By 2020, cases of throat cancer caused by the human papillomavirus may outnumber those of HPV-caused cervical cancer
Bad news on HPV: it now seems to be the leading cause of throat cancer in men. Worse news: it may be spread by kissing.
Researchers examined 271 throat-tumor samples collected over 20 years ending in 2004 and found that the percentage of oral cancer linked to the human papillomavirus, or HPV, surged to 72 percent from about 16 percent, according to a report released yesterday in the Journal of Clinical Oncology. By 2020, the virus-linked throat tumors -- which mostly affected men -- will become more common than HPV-caused cervical cancer, the report found.
. . . Until recently, head and neck cancer mainly occurred in older patients and was associated with tobacco and alcohol use. The HPV-linked head and neck cancers, usually of the tonsils, palate or tongue, hit men their 30s, 40s, and 50s, Gillison said. It is unclear why women are affected much less often than men, she said.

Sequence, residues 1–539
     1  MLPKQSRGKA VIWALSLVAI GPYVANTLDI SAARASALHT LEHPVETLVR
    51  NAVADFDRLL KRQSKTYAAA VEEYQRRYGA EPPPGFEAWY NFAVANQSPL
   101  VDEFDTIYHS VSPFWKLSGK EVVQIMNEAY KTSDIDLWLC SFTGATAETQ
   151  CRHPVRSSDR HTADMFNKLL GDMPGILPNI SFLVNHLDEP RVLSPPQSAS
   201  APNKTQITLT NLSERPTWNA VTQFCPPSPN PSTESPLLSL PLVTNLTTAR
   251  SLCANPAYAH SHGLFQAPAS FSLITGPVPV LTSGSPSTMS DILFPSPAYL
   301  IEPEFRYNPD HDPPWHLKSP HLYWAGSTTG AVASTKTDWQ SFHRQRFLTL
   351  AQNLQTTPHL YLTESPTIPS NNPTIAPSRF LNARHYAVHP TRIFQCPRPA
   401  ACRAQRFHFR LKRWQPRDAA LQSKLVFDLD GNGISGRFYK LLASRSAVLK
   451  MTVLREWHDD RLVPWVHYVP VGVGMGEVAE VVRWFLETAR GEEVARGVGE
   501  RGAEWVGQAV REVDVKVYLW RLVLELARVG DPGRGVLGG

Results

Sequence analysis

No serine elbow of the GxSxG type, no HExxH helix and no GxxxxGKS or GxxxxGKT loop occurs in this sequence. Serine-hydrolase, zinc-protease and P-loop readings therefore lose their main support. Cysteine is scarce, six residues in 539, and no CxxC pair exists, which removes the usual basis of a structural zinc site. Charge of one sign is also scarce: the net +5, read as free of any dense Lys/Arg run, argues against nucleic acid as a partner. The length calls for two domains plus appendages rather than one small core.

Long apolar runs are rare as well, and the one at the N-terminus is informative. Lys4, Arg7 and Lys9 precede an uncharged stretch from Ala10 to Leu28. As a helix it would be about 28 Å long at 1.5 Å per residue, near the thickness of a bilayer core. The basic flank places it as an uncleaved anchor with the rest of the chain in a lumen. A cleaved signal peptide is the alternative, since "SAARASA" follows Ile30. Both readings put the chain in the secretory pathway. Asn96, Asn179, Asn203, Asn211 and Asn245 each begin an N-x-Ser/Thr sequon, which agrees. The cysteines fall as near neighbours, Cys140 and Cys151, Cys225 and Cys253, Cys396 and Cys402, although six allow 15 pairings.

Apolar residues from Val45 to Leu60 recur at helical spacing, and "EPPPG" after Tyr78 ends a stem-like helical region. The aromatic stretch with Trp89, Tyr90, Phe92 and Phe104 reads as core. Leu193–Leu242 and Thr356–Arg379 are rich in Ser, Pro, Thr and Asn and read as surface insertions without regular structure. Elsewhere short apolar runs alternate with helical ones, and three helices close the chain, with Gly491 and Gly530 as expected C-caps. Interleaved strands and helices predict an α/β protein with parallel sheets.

. . . In a 2007 epidemiology study published in the New England Journal of Medicine, Gillison and her colleagues found that having a high number of oral or vaginal sex partners are risk factors for HPV-associated throat cancer. The cancer may also be spread by open-mouth kissing, Gillison said in the interview. "Nobody paid attention to oral HPV infections until 2007," she said. "We are about 15 years behind in the research" compared with the data on cervical cancer and HPV, she said.
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